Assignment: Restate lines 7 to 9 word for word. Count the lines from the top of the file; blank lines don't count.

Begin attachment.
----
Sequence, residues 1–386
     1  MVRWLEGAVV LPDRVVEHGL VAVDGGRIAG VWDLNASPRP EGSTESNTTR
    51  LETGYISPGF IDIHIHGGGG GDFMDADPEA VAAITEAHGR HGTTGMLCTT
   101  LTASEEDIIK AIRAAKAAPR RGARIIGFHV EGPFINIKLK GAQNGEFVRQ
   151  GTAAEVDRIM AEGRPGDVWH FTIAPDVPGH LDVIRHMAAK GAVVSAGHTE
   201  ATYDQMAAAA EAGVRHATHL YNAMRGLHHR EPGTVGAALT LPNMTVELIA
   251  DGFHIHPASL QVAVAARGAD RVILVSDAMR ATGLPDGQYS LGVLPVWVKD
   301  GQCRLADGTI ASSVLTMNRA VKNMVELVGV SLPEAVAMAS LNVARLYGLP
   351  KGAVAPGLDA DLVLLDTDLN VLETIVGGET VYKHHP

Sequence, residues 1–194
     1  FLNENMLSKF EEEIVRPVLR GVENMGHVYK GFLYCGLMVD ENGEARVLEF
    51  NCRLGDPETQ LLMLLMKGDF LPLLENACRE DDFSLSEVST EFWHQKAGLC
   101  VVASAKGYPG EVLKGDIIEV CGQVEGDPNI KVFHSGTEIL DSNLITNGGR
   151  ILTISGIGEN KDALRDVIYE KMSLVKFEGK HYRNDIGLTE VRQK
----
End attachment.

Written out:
   251  DGFHIHPASL QVAVAARGAD RVILVSDAMR ATGLPDGQYS LGVLPVWVKD
   301  GQCRLADGTI ASSVLTMNRA VKNMVELVGV SLPEAVAMAS LNVARLYGLP
   351  KGAVAPGLDA DLVLLDTDLN VLETIVGGET VYKHHP